Dressed to chill and stripped for action
Having bundled up warm to explore
winter landscape, Jeremy Atiyah finds himself naked in the snow
The whole point of Finnish Lapland (I thought) was its purity and innocence
and virginity and freedom from human pollution. But flying up from
08 December 2002
Anyway, this holiday (I have been told) is for people who like being outdoors in the snow, but who do not want to race down hills with competitive people in designer outfits and sunglasses. That is why we have got sedate-sounding activities such as snow-shoeing, cross-country skiing, snow-mobiling, ice- fishing, reindeer-sledging and dog-sledding to get through. And when we have done that, we are going to get naked in saunas, and roll in the snow, and sing karaoke in the hotel bar. That is all. And if after all that I still insist on skiing, then I need not worry: Finnish Lapland does have its mountains.
And unlike the
Mind you, I am not hopeful about the alleged purity and innocence of
Considering we are in the
But enough on the cultural incongruities of
One thing I soon find is that no matter how well dressed I think I am, the Finns want to dress me better. During my visit the weather does not seem particularly cold: daytime temperatures hover between 0 and minus 10. Nonetheless, huge, soft, padded boots and Mika Hakkinen-style overalls are provided to accompany our every activity.
I like these safaris. First is the snowshoeing, which is similar to walking along your local high street, except that the scenery is more picturesque here. Traditional snowshoers looked as though they had tennis rackets on their feet. These days the footwear has elongated itself and acquired an upturned tip. Once suitably clad, we shuffle off into a deep forest, up and down the sides of a steep valley. The activity is barely more strenuous than walking, until I find myself at the bottom of a snow hole looking up at the sky.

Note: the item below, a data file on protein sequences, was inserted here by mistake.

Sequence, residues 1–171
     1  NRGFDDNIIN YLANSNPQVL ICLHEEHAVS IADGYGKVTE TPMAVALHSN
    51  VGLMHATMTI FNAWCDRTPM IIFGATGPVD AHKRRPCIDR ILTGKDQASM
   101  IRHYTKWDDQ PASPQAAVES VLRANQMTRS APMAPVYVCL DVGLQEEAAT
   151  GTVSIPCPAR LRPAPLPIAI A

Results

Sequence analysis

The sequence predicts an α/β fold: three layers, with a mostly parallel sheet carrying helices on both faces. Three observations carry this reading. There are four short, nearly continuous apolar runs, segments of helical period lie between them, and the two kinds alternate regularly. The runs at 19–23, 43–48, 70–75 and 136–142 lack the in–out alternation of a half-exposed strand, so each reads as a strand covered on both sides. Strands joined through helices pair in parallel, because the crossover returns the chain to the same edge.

Our guide Mika is a little fellow with a pixie face who seems to love snow and trees as other men love houses and pubs. He points out fluffy Siberian jays and elusive snow rabbits and birch trees with tufts of moss hanging from their branches like goats' beards ("nourishment for the reindeer"). Then he causes everyone to stop in their tracks by admitting that his major interest in life is surfing. "It is true," he concedes. "
Next it's off on the snowmobiles. These are to
Meanwhile, of real reindeer-herding Lapps we see not a sign, except for a man called Hanno with a huge knobbly nose and a comic-book strongman's square chin. According to Mika, he speaks in a strangely accented, peasant-dialect of Finnish. His name card is a piece of engraved fire-wood and he carries a traditional wooden cup and a knife strapped to his belt, next to his mobile phone. But Hanno's business does not involve herding reindeer. His business is giving tourists rides on his reindeer-drawn sledge, as we now prepare to experience for ourselves. It is all over in minutes. Customers sit huddled on the sleigh under a reindeer skin, while the reindeer belts off round a short track through the snow. "Hanno's reindeer is an on-off reindeer," explains Mika. "He runs at top speed, or not at all."
It is the same with the huskies, who we meet the next day. On the husky farm we are greeted by two hulking men in furry waistcoats who (according to Mika) eat, sleep and live with their dogs. The huskies themselves range in appearance from sweet fluffy puppies to wiry wolf-like creatures with fangs and yellow eyes. They are reasonably friendly, except with dogs on other teams, whom they try to maul and kill at the slightest opportunity. And when they feel a ride is in the offing, they set up a barking and a howling to wake the dead.
Driving a husky team is not difficult. The sledges all carry two people: one reclining like royalty, and the other standing behind, ready to jump on to the brake with force at a moment's notice. Once the dogs are unleashed, five to a team, they tear off as fast as their little legs can carry them, hoping to overtake, and perhaps massacre, the team in front. On uphill stretches, the driver is requested to help the dogs by pushing with his feet.
It's all such fun. And to cap it all comes a pre-dinner sauna followed by mandatory naked cavorting in the snow. We won't bother, afterwards, trying to spot the aurora borealis. Instead we'll get drunk and sing karaoke songs. The Finns round here will love us for it.
Jeremy Atiyah travelled with Inntravel (01653 629010 www.inntravel.co.uk), which offers a seven-night holiday from £640 per person, based on two sharing, including return scheduled flights with Finnair from Heathrow to Kittila via Helsinki and half-board accommodation at the Yllashumina Hotel in Western Lapland, Finland. Alternatively, a three-night break costs from £490 on the same basis. There are reductions available for children aged under 16.
Finnish Tourist Board (020-7365 2512; www.finland-tourism.com).